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Bismuth Trioxide, Bi2O3

Bismuth Trioxide or Bismuth Sesquioxide, Bi2O3, is found naturally as bismuth ochre. It is the product pbtained when bismuth burns in air ("flores bismuti"), or when steam is decomposed by metallic bismuth at white heat. It is usually obtained by the prolonged heating of molten bismuth in air, or by the action of heat upon the carbonate, sulphate or basic nitrate. Bismuth monoxide when heated in air yields the trioxide. The crystalline form is obtained by melting the powdered form with potassium hydroxide, by boiling the hydroxide with potassium or sodium hydroxide, by the action of potassium cyanide on a nitric acid solution of bismuth nitrate, or by adding sodium nitrate intermittently to a molten mixture of sodium hydroxide, bismuth and potassium chromate at 350° C. The oxide is also obtained when chlorine is passed into a fused mixture of bismuth and silver nitrate.

The mineral, bismuth ochre, occurs in massive form with an uneven, earthy fracture; its colour is yellowish-grey or green; it is very soft and friable. The crystalline form of the oxide, prepared as described above, is obtained in the form of bright yellow, transparent rhombic prisms:

a:b:c = 0.817:1:1.065

More usually, bismuth trioxide is obtained as a lemon-yellow powder which becomes darker on heating. When pure it is insensitive to light. The various values that have been given for the density and melting point of this oxide are probably due to the existence of polymorphism. Three varieties have been described. The first variety has a melting point at 820° C. and density 8.9. On cooling it passes to the second variety at 704° C. (density 8.2); supercooling frequently occurs at this transformation, followed by recalescence. This second variety varies from yellow to brown in colour. The third variety, melting at 860° C., and of density 8.5, is formed by heating the trioxide strongly in a porcelain crucible. Both the first and third varieties crystallise in the rhombic system, but the first modification cannot exist at ordinary temperatures.

The variation of the specific heat of bismuth trioxide with the temperature is shown by the following data:

Temperature, ° C.50100200300400
Specific heat0.05690.05930.06170.06310.0641

Temp., ° C.+16.3-10.9-59.7-106.6-160.0-204.3-212.4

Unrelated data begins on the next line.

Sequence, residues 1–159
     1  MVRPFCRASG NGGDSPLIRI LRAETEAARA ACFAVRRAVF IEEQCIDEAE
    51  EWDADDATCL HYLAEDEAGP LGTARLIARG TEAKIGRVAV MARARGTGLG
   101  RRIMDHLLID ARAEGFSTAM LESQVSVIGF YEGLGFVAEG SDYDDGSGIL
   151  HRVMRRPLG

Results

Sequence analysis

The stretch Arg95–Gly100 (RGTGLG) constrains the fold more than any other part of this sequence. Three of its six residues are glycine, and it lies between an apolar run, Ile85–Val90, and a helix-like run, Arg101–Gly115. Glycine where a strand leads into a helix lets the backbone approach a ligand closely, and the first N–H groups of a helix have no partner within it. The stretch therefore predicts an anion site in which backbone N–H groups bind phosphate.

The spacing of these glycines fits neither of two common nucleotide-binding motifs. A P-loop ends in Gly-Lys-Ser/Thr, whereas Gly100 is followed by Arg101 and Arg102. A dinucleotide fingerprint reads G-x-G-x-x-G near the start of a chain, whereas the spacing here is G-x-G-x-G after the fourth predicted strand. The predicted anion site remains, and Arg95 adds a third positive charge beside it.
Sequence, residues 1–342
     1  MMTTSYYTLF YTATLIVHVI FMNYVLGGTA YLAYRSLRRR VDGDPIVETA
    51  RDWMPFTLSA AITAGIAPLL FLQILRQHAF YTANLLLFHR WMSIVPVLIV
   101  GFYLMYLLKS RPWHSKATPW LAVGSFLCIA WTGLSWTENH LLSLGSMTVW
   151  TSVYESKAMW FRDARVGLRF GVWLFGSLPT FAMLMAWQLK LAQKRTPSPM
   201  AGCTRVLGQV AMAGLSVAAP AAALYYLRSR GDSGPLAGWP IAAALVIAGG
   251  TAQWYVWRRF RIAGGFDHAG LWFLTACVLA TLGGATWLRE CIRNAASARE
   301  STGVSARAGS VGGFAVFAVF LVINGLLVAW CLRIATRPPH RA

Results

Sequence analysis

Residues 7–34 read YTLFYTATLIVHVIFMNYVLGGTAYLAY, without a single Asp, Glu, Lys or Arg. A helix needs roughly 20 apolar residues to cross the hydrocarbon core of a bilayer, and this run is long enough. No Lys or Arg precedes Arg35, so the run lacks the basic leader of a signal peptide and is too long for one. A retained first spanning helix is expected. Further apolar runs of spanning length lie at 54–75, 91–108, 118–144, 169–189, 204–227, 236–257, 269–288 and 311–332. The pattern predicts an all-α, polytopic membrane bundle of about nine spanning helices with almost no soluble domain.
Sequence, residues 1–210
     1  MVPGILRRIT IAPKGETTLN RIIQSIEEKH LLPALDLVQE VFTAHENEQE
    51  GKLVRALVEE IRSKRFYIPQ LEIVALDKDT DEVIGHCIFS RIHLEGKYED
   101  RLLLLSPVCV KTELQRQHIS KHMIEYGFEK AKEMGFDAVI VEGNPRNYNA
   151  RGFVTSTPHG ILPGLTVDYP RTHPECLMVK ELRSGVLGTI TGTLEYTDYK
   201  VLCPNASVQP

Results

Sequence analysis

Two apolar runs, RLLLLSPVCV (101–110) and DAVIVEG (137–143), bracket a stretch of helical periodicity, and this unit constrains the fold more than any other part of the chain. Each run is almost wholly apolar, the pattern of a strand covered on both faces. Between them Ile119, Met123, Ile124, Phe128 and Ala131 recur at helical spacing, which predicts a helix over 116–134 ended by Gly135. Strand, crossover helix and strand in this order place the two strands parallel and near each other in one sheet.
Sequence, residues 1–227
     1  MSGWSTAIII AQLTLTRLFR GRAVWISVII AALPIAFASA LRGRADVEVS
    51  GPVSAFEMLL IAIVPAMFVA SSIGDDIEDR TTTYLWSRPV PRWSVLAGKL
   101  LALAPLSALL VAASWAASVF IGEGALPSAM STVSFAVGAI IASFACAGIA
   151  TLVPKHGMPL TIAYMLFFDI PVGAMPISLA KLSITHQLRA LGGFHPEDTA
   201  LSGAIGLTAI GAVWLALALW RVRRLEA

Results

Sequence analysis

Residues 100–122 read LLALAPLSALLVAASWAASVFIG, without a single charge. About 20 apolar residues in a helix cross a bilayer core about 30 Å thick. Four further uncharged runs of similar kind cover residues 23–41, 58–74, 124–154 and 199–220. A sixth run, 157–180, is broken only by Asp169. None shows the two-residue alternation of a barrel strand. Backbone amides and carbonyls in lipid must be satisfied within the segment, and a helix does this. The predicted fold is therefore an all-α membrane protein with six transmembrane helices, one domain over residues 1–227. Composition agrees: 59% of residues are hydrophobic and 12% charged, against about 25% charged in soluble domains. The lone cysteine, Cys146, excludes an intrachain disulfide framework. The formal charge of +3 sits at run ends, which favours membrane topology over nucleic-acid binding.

Specific heat0.05630.05610.05120.04470.03500.02410.0204

The variation of electrical resistivity with temperature is:

Temperature, ° C.225425645
Resistivity (ohm-cm.)2.34×1081.44×1056.01×10-3

The thermoelectric power with reference to lead, between 500° and 800° C. and with the cold junction at 0° C., is given by

Thermoelectric power = (1.946 – 1.86t)×10-6 volt per degree C.

where t is the temperature (° C.). The specific magnetic susceptibility is -0.170×10-6. The dielectric constant is 182 and appears to be independent of the field strength.

Bismuth trioxide is volatile at high temperatures, the calculated boiling point being 1890° C. Volatilisation begins at 950° C.

In the spectrum of bismuth trioxide four band systems are found between 4300 and 6700 A.

The heat of formation of the trioxide from its elements is 136,600 gram-calories per mole. The heats of formation of the hydrated forms of bismuth trioxide have also been calculated.

The trioxide does not decompose when heated to 1750° C. It is reduced, partially or completely, by a number of reducing agents, such as hydrogen, carbon, carbon monoxide, silicon, sodium, potassium, methane, ammonia, ammonium chloride, potassium cyanide, aluminium carbide, and an alkaline stannous solution. It is oxidised by ozone to bismuth pentoxide, and by ozone in the presence of alkalies to bismuthates; it is only slightly oxidised by alkaline permanganate solution.

When dry bismuth trioxide is heated in a current of dry chlorine, a white, crystalline, deliquescent sublimate of bismuth trichloride is formed. When heated with an excess of bromine for several hours, and after exposing the product to the air, an oxybromide, Bi11O13Br7, is obtained as a non-deliquescent, cream-coloured powder.

When heated with manganese dioxide, slight reaction takes place between 300° and 500° C. A violet-grey powder is formed, but the nature of the reaction has not been fully established.